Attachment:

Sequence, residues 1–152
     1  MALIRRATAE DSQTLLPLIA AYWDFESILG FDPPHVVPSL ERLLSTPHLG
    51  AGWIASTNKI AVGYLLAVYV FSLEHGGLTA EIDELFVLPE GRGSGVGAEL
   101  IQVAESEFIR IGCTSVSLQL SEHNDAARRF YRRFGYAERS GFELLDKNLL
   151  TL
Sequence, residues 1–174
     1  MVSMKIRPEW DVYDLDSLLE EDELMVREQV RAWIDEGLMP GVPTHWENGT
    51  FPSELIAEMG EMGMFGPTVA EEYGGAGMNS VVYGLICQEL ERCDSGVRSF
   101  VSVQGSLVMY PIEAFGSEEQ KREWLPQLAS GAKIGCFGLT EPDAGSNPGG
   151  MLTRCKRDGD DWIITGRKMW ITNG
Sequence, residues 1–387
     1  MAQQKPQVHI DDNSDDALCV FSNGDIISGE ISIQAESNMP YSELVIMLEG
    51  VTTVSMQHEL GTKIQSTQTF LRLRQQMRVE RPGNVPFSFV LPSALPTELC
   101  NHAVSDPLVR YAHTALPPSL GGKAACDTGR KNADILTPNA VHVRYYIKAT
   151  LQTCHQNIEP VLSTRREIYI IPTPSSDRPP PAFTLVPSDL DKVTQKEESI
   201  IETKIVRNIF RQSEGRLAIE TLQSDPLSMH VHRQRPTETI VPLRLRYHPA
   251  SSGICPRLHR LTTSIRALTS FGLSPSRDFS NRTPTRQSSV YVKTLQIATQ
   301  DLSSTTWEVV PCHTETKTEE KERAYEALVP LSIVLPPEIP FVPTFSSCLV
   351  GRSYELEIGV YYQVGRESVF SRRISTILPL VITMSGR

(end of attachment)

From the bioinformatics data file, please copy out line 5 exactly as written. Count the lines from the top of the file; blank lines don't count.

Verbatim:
   151  TL